The Exit Try Statement

The Exit Try statement will, under a given circumstance, break out of the Try or Catch block and continue at the Finally block. In the following example, you exit a Catch block if the value of iItems is 0, because you know that your error was caused by that problem:

Private Function GetAverage5(iItems As Integer, iTotal as Integer) As Single

' Code that might throw an exception is wrapped in a Try block. Try

Dim sngAverage As Single

' This will cause an exception to be thrown. sngAverage = CSng(iTotal \ iItems)

' This only executes if the line above generated no error. MessageBox.Show("Calculation successful") Return sngAverage Catch excDivideByZero As DivideByZeroException

' You'll get here with an DivideByZeroException in the Try block. If iItems = 0 Then Return 0 Exit Try


MessageBox.Show("Error not caused by iItems") End If

Throw excDivideByZero

MessageBox.Show("More logic after the thrown - never executed") Catch excGeneric As Exception

' You'll get here when any exception is thrown and not caught in ' a previous Catch block.

MessageBox.Show("Calculation failed - generic exception caught") Throw excGeneric Finally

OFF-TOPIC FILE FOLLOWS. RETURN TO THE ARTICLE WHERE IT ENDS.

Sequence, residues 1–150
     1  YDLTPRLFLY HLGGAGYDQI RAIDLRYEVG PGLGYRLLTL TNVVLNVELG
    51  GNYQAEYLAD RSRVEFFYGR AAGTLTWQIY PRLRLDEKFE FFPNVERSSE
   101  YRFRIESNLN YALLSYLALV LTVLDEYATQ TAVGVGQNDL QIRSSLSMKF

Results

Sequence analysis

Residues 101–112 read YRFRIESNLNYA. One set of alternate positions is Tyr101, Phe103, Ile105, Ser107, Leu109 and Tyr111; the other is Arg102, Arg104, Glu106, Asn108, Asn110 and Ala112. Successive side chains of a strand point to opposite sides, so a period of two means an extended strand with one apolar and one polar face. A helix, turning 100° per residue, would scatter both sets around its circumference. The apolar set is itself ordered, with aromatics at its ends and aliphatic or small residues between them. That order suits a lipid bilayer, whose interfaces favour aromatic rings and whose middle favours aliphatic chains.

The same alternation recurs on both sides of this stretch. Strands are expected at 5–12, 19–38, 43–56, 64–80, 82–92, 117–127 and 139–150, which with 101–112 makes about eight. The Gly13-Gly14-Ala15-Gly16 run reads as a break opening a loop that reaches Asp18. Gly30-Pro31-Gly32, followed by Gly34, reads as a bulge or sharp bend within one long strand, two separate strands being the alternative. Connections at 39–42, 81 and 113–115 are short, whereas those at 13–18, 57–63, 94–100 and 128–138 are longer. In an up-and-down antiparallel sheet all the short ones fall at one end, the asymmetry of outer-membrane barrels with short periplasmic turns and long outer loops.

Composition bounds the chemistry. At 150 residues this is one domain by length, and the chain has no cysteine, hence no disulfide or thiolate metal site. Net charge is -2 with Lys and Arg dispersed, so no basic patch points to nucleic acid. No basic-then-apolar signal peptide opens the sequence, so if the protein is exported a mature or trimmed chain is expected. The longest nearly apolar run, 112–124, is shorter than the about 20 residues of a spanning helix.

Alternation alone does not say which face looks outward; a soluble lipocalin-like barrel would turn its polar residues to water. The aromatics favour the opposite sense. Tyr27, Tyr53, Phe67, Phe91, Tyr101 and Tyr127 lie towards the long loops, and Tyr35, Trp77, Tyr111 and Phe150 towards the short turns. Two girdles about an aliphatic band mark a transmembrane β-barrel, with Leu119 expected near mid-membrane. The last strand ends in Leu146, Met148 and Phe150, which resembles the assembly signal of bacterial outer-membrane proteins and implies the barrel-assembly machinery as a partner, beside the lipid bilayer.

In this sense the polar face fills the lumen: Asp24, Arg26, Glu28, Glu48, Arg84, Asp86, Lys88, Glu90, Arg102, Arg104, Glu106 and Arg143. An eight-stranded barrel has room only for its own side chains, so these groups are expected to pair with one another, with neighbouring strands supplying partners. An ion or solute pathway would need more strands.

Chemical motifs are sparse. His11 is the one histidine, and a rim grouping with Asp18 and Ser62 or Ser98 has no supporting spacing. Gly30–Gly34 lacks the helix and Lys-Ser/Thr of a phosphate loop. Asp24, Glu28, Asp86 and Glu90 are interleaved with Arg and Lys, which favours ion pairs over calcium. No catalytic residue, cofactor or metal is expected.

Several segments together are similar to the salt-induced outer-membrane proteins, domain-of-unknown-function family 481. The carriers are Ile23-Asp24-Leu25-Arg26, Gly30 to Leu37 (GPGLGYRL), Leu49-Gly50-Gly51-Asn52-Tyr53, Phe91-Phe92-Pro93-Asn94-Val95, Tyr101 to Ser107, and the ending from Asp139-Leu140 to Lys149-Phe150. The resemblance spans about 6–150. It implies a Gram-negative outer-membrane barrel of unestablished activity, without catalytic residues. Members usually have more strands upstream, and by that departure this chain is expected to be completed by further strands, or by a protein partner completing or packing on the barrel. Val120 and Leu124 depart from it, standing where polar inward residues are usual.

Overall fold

' Code in the Finally block will always run, even if ' an exception was thrown in a Catch block.

MessageBox.Show("You always get here, with or without an error") End Try End Sub

Code snippet from ExceptionHandlingSampleCodeForm

In your first Catch block, you have inserted an If block so that you can exit the block given a certain condition (in this case, if the overflow exception was caused because the value of iItems was 0). The Exit Try goes immediately to the Finally block and completes the processing there:

If iItems = 0 Then Return 0 Exit Try Else

MessageBox.Show("Error not caused by iItems") End If

Code snippet from ExceptionHandlingSampleCodeForm

Now, if the overflow exception is caused by something other than division by zero, you'll get a message box displaying "Error not caused by iItems."

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